regression analysis on the financial inclusion index with selected variables. While the
factors which affect financial inclusion are likely to be vast and complexly interactive with
each other, this paper will follow the method used by Sarma & Pais (2008) in performing a
similar study. The general form of the regression equation is:
Y=a0+a1X1+a2X2+….anXn+?i (13)
Where X1, X2..Xn are regressor variables and a1,a2….an are the parameters to be estimated and ?is the error term for the classical OLS assumptions. The dependent variable, Y, is the logit transformed from the FII described above. The independent variables, X, are the components that make up financial technology. Fintech is indicated by the percentage if 15+ population using their mobile phone to i) send money, ii) receive money, iii) pay bills from the World bank data collected in each period measured. To account for the correlation between the variables mentioned above, a PCA on the components will be performed. The second indicator in determining the use of fintech looks at the population with an ID4D, a technology identification, whose data is also collected by the World Bank. Finally, the variable of people who use the internet to manage their financials by means of saving and borrowing money, data found from the World Bank as well is included in the measure. Using these three variables, we are able to regress fintech against financial inclusion to determine its impact.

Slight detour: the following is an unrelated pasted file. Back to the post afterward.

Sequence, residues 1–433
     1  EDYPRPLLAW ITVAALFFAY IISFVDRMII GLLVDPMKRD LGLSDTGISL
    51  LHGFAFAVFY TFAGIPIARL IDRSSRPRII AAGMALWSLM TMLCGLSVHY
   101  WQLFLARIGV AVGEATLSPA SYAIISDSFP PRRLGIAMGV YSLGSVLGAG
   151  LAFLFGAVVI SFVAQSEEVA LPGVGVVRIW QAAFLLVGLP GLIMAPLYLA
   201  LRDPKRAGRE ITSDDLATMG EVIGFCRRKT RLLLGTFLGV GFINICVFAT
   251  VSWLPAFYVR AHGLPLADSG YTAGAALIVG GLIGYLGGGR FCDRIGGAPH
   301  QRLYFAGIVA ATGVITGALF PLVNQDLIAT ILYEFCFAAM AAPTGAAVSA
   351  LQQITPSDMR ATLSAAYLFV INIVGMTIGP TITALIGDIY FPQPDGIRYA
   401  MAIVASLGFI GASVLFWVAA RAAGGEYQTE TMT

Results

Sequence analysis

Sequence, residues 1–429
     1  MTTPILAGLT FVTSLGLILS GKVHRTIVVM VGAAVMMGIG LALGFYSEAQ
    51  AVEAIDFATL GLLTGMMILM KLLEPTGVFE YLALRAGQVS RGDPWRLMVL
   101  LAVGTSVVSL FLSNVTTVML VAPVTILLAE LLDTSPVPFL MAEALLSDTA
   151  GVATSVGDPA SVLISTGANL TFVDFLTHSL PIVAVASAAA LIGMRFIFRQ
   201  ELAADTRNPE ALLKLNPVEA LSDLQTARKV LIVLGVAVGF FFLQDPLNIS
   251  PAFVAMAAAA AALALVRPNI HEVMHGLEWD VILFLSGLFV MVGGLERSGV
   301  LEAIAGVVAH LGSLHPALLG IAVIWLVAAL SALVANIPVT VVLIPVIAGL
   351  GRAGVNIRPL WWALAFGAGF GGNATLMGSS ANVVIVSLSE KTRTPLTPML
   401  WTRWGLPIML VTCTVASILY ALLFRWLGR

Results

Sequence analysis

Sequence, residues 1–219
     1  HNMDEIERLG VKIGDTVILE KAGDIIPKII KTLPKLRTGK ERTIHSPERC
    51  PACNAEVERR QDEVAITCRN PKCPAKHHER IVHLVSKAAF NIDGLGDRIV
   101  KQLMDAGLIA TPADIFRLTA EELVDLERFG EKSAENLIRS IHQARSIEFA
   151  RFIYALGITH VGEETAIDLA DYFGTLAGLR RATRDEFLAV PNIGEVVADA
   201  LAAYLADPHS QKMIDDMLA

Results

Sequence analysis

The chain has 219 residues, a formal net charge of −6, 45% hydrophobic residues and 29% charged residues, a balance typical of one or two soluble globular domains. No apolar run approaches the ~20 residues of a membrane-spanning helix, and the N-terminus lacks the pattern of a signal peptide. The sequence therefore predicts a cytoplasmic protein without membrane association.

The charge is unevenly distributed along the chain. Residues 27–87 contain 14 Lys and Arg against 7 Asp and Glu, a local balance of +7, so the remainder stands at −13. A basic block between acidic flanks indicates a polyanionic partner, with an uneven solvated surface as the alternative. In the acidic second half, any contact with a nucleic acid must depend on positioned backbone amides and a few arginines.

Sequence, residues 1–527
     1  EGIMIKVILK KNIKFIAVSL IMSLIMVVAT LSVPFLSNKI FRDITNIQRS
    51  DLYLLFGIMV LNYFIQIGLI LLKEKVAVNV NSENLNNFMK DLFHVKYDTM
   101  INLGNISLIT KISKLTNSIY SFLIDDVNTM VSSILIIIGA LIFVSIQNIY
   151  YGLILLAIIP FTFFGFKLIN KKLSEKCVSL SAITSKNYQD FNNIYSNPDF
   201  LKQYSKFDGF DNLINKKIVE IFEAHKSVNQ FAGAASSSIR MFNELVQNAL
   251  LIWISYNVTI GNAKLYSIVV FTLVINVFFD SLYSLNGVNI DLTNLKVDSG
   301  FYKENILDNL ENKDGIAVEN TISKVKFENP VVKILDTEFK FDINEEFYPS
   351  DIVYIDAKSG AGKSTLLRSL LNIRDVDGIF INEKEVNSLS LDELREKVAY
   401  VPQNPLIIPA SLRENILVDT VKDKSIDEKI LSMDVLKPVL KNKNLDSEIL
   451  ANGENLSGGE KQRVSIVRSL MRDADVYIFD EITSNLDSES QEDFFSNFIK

3.5 Description/Definition/Measurement of variables in regression model
276225106680ACCESS
USAGE
AVAILABILITY
FINANCIAL INCLUSION
Account
Loan
Savings
ATMs
Bank branch
Retail agents
00ACCESS
USAGE
AVAILABILITY
FINANCIAL INCLUSION
Account
Loan
Savings
ATMs
Bank branch
Retail agents

323850137795Source: Camara and Tuesta (2014); own computation
00Source: Camara and Tuesta (2014); own computation

Financial inclusion is assessed on the following variables: access; usage and availability.